We utilise three small incisions, each no bigger than 1cm, for the camera and operating instruments.  Throughout the operation we instill carbon dioxide into your abdominal cavity to give us a "working space".  First we detach the large intestine from the back of the abdominal cavity, called the retroperitoneum and divide the blood vessels supplying the large intestine.  After freeing up the entire large intestine  we turn our attention to mobilising the rectum all the way down to the anus.  Care is taken not to injure the nerves in the pelvis and so minimise any post-operative changes in sexual function.  We divide the rectum within 2 cm of the top of the anus using a stapler. 

We are now ready to remove the large intestine from the abdomen.  In female patients with a wide pelvis we usually remove the bowel through the small hole used to site the temporary ileostomy (see above).  In men we occasionally need to enlarge one of the incisions located just above the pubic bone in a side to side to direction for approximately 6 cms.  We are able to remove the large intestine through this incision and divide it where it connects to the small intestine.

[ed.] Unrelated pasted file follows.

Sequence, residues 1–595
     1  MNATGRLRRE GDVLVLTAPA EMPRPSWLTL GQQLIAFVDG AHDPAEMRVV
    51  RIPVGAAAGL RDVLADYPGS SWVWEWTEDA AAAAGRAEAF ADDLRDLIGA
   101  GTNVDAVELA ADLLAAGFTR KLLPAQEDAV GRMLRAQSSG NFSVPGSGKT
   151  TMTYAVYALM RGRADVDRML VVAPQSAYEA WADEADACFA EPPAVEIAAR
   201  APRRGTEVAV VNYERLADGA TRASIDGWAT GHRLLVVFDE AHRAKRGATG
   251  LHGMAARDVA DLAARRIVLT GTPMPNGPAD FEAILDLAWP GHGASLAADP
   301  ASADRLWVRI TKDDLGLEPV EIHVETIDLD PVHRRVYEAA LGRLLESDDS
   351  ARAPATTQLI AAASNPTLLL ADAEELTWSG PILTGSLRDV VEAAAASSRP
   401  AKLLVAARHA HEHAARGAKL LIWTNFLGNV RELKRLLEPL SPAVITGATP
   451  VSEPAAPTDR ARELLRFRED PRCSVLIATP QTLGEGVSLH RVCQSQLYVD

We can now construct the J-pouch (see above) in the standard fashion as has been done for years in open surgery.  Care is taken to construct an adequate sized pouch, which can be brought down to the anus without excessive pulling on the blood supply.  The J-pouch is then joined to the anus using a surgical stapling instrument; the double staple technique.